News

August 14, 2014

Annual Hawk Count now Underway

Nature's greatest airshow: now playing thru Dec 15

Counters at North Lookout. Photo by Linda Weller

Learn more about Autumn Migration
Visit the Raptorpedia

If watching a hawk, eagle or falcon lifts your spirits, good news has arrived: starting August 15, you have every chance of spotting one at Hawk Mountain Sanctuary, the world’s first refuge for birds of prey and a world-recognized migration watchsite.

The marathon Annual Autumn Hawk Watch begins August 15 at the Sanctuary’s famed North Lookout and is conducted daily, weather permitting, through December 15.

“This is a great time to visit Hawk Mountain,” says president Jerry Regan. “Even if you know nothing about birds, our staff, volunteers and trainees help to spot approaching birds, point out where to look, and identify what you’re seeing. They make it fun and easy.”

Over the next four months, an average 18,000 birds of prey will soar over the Sanctuary’s rocky North Lookout, a 1,500-foot outcropping on the Kittatinny Ridge or “Blue Mountain,” in east central Pennsylvania. When winds are right, many can fly past at eye-level. People travel far and wide to glimpse the birds and the Appalachian Mountain scenery. Visitors bring binoculars, pay a modest trail fee, walk to the overlook, and start scanning the sky.

"Every season and every day here is different. Sometimes the weather is just right and we have above-average or record-breaking numbers. Sometimes its hot and still and the birds soar very high in the sky. Other times we have great flights and spot rarities," says Regan.

"It's like any other kind of wildlife-watching. Being at Hawk Mountain increases your chances, but there are never any guarantees," he adds.

For migrants, timing is everything, and different species migrate at predictable times. Passing through in late summer are ospreys, bald eagles, hummingbirds and monarch butterflies. In early mornings, colorful songbirds pass in waves on their own migration. This also is the last chance to enjoy the still-green, but subtly changing Appalachian Mountain views and balmy weather.

In mid-September, broad-winged hawk numbers build. These small, round-winged hawks fly in large flocks, and gain altitude in circling thermals, or rising columns of air, before gliding by gracefully. If your timing is right, you can spot hundreds of broadwings in an afternoon.

By mid-October, northwest winds bring the greatest species diversity—16 in all—and fall foliage is at its peak. During prime conditions, visitors can get good views of red-tailed, red-shouldered, rough-legged, sharp-shinned and Cooper’s hawks, northern harriers, peregrine falcons, and merlins.

In November, the migration begins to slow, but this is when hawkwatchers can expect to see golden eagles and northern goshawks. By December, the skies have emptied, but the North Lookout draws visitors seeking solitude and an occasional bald eagle.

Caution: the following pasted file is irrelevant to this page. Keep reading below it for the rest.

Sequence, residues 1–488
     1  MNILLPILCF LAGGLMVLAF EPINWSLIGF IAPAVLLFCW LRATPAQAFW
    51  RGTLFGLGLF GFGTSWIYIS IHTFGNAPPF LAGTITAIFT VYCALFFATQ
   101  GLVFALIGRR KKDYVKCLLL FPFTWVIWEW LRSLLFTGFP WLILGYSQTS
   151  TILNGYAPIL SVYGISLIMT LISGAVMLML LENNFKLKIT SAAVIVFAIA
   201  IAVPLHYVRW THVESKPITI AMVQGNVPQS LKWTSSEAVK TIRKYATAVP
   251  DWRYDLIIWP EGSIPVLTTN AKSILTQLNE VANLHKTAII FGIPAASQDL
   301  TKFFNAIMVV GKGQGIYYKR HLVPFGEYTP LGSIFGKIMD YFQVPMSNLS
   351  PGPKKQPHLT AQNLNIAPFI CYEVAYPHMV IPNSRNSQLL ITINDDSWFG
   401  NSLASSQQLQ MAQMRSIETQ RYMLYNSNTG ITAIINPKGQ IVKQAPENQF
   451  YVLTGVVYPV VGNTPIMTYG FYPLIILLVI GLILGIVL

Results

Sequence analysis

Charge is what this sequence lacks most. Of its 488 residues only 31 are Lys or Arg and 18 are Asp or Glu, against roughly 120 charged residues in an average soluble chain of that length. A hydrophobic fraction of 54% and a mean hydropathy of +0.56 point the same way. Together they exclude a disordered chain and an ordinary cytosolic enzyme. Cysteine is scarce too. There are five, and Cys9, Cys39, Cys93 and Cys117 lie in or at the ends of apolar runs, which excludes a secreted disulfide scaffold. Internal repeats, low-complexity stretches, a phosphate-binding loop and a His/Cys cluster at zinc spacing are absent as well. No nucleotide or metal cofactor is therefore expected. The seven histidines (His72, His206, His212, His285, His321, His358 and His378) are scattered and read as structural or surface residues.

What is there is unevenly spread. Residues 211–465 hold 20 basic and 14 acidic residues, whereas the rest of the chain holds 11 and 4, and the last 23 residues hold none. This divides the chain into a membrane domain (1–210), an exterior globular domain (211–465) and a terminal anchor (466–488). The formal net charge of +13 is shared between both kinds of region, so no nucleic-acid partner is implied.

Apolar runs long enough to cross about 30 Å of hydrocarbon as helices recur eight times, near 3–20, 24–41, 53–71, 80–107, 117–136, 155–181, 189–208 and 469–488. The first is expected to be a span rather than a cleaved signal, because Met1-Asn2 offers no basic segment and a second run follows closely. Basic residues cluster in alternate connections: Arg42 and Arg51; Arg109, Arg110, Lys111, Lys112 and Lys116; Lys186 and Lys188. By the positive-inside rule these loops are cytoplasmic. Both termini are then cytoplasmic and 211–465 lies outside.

Raptor Migration

Sharp-shinned hawk photo by David McNicholas

The phenomenon of migration is an age-old story: raptors have followed the Appalachian Mountains southward for thousands of years. Weather determines how many birds will pass; the best flights follow a cold front, when northwest winds prevail. When the air is still and hot, fewer birds tend to be seen.

Raptors, or birds of prey, also use pockets of warm, rising air called “thermals” to fuel their long distance journeys. Thermals allow birds of prey to ascend quickly to thousands of feet and then glide in the direction of their destination. Because thermals do not occur over water, migrating birds hug the Appalachian Mountains, and grab a ‘free ride’ by soaring south on this energy-saving, migration highway.

Visiting Hawk Mountain
No one needs to walk far to enjoy the mountain and the migration. The first scenic overlook is just 100 yards from the parking area, and here, trails are smooth and wide. For those with limited mobility, an all-terrain wheelchair is available at the Visitor Center. A golf cart is on hand during autumn weekends.

In addition to intimate looks at soaring birds, Hawk Mountain’s overlooks provide sweeping views of the fall foliage and the patchwork of farmland and fields that dot the valley floor. The autumn colors of the central Appalachian forest traditionally peak in mid-October.

North Lookout, a two-mile, round-trip walk, straddles the ridge, offering a 180-degree panorama of ridges and valleys. Those who plan to visit North Lookout or beyond should wear boots and layered clothing, and carry a daypack supplied with all the essentials for a day in woods: water, light snacks, raingear, traveling first aid kit, binoculars, camera and whistle.

General Information
The Visitor Center, “Wings of Wonder” raptor gallery, bookstore and gift shop are open year-round, from 9 am to 5 pm, and from 8 am to 5 pm September through November. Located about 25 miles north of Reading, the Sanctuary is just 7 miles north of I-78 and Cabela’s.

Trail fees cost $6 for adults, $5 for seniors and $3 for children ages six to 12. Children under six are free. On weekends, September through November, trail fees increase to $8 for adults and seniors. For more information call 610-756-6961 or visit www.hawkmountain.org.

Lyric 3